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Population Genetics of Collective Dispersal

People: Thomas Broquet, Frederique Viard, Glenn Yannic, Jon Yearsley

In marine biology evidence of collective dispersal (the correlated movement of two or more individuals) is becoming increasingly common. It is even relevant in coastal systems where it may be expected that strong currents would disperse groups of individual.

We are developing theory and computer simulations that build upon the propagule pool model to describe the population genetic consequences of collective dispersal. This is important if genetic data on marine organisms is to be correctly interpretted. We know that collective dispersal tends to promote population differentiation (FST).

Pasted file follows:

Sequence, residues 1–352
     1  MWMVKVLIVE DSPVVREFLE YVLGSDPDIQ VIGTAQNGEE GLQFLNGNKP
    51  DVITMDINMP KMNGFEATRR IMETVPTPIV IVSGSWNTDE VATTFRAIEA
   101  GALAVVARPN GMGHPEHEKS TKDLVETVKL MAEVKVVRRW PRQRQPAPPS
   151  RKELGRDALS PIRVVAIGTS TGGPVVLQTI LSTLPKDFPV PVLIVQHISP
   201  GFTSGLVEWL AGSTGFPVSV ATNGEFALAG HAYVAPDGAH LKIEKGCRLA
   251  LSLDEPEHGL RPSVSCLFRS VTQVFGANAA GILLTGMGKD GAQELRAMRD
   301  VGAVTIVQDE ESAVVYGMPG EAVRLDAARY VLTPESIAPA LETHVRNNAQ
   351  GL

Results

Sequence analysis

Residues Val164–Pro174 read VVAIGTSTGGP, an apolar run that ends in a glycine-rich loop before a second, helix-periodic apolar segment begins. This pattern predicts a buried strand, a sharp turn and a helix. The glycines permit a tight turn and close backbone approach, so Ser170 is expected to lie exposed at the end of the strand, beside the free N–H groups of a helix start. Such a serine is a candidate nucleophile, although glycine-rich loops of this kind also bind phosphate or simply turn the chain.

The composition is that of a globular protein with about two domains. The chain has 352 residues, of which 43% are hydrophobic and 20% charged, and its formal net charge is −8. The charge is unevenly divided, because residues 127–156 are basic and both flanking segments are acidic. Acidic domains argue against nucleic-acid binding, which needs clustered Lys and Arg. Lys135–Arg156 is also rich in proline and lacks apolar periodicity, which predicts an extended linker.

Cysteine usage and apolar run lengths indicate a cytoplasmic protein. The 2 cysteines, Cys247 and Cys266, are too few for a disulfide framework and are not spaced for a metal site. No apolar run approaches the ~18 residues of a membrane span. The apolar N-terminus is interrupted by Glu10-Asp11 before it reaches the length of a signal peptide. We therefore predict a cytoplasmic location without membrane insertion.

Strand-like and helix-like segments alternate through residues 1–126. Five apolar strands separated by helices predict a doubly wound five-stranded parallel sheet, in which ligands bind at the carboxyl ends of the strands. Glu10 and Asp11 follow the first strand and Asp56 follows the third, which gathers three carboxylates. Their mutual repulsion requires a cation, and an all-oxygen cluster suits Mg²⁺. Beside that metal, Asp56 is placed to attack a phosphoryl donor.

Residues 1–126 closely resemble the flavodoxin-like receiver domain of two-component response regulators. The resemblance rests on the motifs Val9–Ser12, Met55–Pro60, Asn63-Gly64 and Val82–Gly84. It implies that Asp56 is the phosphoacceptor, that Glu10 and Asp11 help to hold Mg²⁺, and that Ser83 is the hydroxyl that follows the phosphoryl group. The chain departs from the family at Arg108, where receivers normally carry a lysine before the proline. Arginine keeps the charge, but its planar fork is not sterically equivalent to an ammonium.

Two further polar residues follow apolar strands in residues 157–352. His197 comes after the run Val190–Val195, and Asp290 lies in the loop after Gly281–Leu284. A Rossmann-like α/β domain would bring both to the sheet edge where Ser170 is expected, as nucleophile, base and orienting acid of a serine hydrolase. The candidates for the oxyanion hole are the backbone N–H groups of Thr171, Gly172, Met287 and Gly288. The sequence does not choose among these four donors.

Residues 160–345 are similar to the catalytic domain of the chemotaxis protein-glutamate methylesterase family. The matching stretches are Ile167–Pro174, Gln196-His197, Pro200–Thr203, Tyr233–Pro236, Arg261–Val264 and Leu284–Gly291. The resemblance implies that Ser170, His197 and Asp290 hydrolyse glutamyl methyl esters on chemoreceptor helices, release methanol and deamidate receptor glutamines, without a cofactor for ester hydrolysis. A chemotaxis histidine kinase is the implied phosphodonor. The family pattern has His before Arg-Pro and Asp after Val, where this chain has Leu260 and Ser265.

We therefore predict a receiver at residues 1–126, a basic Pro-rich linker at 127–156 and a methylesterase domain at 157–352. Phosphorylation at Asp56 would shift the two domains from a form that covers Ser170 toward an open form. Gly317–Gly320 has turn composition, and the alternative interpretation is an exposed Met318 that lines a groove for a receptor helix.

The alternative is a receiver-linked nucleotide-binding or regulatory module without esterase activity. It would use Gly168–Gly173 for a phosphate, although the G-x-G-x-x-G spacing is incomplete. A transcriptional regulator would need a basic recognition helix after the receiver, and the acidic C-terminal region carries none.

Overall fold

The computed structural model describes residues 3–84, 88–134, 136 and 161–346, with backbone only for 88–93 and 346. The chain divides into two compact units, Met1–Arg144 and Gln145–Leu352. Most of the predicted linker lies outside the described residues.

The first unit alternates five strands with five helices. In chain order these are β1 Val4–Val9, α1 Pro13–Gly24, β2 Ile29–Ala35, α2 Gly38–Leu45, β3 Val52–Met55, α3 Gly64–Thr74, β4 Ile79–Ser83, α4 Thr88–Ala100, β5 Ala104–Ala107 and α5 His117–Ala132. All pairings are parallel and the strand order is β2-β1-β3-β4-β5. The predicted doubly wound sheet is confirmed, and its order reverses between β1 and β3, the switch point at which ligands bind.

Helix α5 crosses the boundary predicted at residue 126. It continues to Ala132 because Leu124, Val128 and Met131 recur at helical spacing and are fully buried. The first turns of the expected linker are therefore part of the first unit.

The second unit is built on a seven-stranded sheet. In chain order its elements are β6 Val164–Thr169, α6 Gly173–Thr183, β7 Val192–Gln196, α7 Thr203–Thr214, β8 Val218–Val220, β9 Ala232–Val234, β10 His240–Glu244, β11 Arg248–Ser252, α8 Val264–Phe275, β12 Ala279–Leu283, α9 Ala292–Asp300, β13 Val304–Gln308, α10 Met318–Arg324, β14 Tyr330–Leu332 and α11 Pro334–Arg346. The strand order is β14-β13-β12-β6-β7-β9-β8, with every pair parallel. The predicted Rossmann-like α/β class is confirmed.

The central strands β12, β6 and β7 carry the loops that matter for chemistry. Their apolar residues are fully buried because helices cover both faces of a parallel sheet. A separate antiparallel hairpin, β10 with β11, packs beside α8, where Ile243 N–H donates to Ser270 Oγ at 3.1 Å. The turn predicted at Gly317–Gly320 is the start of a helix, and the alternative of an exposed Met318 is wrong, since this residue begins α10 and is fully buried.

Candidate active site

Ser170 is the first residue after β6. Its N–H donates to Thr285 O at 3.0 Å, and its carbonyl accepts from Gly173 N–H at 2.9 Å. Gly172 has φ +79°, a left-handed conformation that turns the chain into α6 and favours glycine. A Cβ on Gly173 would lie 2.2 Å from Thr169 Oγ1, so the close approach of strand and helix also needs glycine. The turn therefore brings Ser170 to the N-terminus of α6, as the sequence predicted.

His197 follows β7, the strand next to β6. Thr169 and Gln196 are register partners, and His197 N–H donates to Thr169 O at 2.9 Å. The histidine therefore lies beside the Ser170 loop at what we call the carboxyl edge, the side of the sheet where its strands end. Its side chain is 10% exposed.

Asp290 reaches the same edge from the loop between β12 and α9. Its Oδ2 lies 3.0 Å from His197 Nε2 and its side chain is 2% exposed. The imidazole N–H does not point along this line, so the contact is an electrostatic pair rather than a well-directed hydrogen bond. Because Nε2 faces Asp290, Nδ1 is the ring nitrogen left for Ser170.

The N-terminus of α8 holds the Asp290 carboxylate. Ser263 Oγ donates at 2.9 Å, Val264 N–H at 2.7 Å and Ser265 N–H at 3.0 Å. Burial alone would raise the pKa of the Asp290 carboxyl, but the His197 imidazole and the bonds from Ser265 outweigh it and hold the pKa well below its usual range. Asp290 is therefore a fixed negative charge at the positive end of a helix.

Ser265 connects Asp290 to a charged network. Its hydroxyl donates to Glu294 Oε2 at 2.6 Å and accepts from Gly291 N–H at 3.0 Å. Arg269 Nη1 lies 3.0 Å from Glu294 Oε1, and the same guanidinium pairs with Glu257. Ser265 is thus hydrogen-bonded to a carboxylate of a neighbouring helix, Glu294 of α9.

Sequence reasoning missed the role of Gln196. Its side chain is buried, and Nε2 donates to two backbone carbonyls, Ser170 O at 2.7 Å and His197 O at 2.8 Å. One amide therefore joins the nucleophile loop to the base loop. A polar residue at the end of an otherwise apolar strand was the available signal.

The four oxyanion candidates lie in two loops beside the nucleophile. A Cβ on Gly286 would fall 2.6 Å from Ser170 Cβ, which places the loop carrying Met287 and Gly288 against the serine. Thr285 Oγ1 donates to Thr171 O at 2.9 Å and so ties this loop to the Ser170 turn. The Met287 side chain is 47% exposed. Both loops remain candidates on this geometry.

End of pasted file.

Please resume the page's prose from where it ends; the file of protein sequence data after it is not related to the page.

Our theory makes quantitative predictions on this and other genetic statistics. The graph shows predictions of FST as a function of immigration probability (m) for three different strengths of collective dispersal. Notice that on the right-hand side of the figure, increasing immigration can increase differentiation under collective dispersal.